"It's my dream to play in England's Premiership. While I'm playing in the K-league, I'll prepare for the leap to a European league. I believe my dream will come true," he says prophetically.
Beefing himself up to his present 72 kilos for the demands of the professional game, the newcomer scored on his debut for FC Seoul in March.
"The K-league is not easy. Every team has its own unique style and strategy," he adds summing up the standard. "Some teams are very strong in defence while others are more focused on attack. It would even take a while for foreign players to adjust to the K-league environment at first."
But the goals just kept on coming for Park. A goal here, a brace there, and even a hat-trick in one of his last games before leaving has had Korea's press purring their appreciation while commenting on his inspiration.
Christianity had long since burned a deep impression in the teenagers' soul and given him complete faith in his own abilities. Perhaps picked up from a year spent in Brazil, Park is sparking much attention back home with his openly religious goal celebrations. With each new goal, and their have been many of late, the ritual becomes even more prominent. Coupled with his divine style of play, some have begun to call him the Asian Roberto Baggio.
"I'm playing football to express my thankfulness to God for giving me such a great talent and I have no intention to change my goal celebration," he confesses. "The first and main reason why I play football is to evangelise people. It would make me happy if just one person became interested in Christianity because of me."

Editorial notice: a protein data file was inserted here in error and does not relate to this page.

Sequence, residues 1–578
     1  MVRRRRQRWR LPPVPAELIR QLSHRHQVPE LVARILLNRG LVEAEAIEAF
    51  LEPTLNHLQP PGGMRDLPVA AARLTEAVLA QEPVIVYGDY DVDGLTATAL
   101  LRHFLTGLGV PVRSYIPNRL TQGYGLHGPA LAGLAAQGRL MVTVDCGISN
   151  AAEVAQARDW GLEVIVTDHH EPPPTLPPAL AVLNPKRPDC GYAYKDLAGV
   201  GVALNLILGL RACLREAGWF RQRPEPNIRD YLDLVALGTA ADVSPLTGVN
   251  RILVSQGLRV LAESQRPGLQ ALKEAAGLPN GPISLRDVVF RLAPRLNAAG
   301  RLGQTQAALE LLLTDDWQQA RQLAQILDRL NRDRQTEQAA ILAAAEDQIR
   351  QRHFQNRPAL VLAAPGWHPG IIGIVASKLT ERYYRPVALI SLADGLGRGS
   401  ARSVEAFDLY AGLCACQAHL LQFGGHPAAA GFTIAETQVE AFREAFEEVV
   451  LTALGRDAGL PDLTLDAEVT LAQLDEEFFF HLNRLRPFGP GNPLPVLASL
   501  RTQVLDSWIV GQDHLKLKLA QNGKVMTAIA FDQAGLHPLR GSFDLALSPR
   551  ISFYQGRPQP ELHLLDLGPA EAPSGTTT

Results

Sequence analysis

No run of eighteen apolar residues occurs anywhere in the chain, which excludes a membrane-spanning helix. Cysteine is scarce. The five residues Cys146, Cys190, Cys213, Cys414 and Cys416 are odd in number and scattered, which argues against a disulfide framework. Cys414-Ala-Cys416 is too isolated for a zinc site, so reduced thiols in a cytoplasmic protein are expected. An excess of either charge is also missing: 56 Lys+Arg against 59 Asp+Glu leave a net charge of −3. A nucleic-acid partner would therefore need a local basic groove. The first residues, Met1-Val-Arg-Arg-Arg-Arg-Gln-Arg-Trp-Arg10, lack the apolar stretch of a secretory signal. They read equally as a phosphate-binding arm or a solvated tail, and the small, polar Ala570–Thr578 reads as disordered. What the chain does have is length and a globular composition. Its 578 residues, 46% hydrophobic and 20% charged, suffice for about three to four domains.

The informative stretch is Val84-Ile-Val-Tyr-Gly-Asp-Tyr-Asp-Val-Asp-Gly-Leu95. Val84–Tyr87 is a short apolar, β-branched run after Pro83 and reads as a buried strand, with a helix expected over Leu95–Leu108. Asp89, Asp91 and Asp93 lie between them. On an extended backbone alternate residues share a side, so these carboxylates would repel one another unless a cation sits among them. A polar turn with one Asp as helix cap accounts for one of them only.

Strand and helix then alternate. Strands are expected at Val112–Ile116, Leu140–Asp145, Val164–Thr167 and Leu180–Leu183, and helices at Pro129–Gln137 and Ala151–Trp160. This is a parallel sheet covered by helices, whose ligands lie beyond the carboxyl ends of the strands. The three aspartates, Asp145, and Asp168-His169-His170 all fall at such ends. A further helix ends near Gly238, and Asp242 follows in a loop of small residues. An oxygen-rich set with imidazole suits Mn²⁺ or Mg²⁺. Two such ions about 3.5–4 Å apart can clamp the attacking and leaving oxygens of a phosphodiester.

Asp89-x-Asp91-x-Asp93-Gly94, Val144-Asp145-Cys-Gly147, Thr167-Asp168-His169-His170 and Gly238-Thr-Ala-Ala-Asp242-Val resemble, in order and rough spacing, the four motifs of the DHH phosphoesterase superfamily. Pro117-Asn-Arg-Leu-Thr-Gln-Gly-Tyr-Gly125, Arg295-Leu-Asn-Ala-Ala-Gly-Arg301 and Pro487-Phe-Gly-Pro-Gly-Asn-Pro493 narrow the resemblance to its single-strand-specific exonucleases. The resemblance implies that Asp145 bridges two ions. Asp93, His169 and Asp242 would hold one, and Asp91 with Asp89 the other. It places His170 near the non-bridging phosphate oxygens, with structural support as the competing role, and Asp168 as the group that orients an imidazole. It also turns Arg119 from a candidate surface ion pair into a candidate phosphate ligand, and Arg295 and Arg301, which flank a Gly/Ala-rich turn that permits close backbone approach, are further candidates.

With all the attention it was inevitable that sooner or later national team coach Jo Bonfrere would beckon the boy. Although it meant spending precious little time with his colleagues to prepare for the world youth championship, the Dutchman called Park up for June's two FIFA World Cup qualifying matches against Uzbekistan and Kuwait. And with 90 minutes on the clock in Tashkent, Park answered Korean prayers ghosting in to score the equaliser. And a few days later on Wednesday he opened Korea's account in the 4-0 win in Kuwait that confirmed a spot at Germany 2006.
"If I say that I don't get any pressure, it would be untrue," the striker confides. "But now I've got used to professional football I feel self-confident. If I work on my strength and get more experience in World Cup qualifying matches then it can only be good for the youth team."
"This first match (Switzerland) will be crucial. I assume Korea will go all out to win it and, to be honest, I think we have a strong chance of doing so.
"I played Brazil twice last year and we are aware of their qualities. Nigeria too is going to be very tough," he praises. "Although I will not have much time to do so, the team will certainly have to prepare well if we are to make it out of the group.
"A place in the semi-finals would be wonderful and would emulate that achieved by the Korean team in Mexico in 1984."
On his personal ambition, Park remains non-committal. Reassuringly mature, he sees the tournament as an opportunity to learn from other footballing styles and to improve his own development.
"Actually, I have no specific goal target in my mind yet but obviously I wish to score as many as possible," he says in true forward fashion. "I consider my physical strength as being above average compared to other footballers but I probably need to improve more on preparing for matches and analysing opposing defenders. I want to improve my free kick technique as well."
An admirer of Frenchmen Zinedine Zidane and Thierry Henry, Park refuses to consider any footballer his idol. His only source of inspiration comes from higher above.
"As a disciple of Jesus, I would like to preach and praise the Lord my whole life," he says. "When the time comes for my retirement, I would like to begin missionary work while teaching and playing football."
Park always writes 'Jesus is Christ' next to his autograph. With far more requests likely in the future, that long signature could well become a true test of his devotion.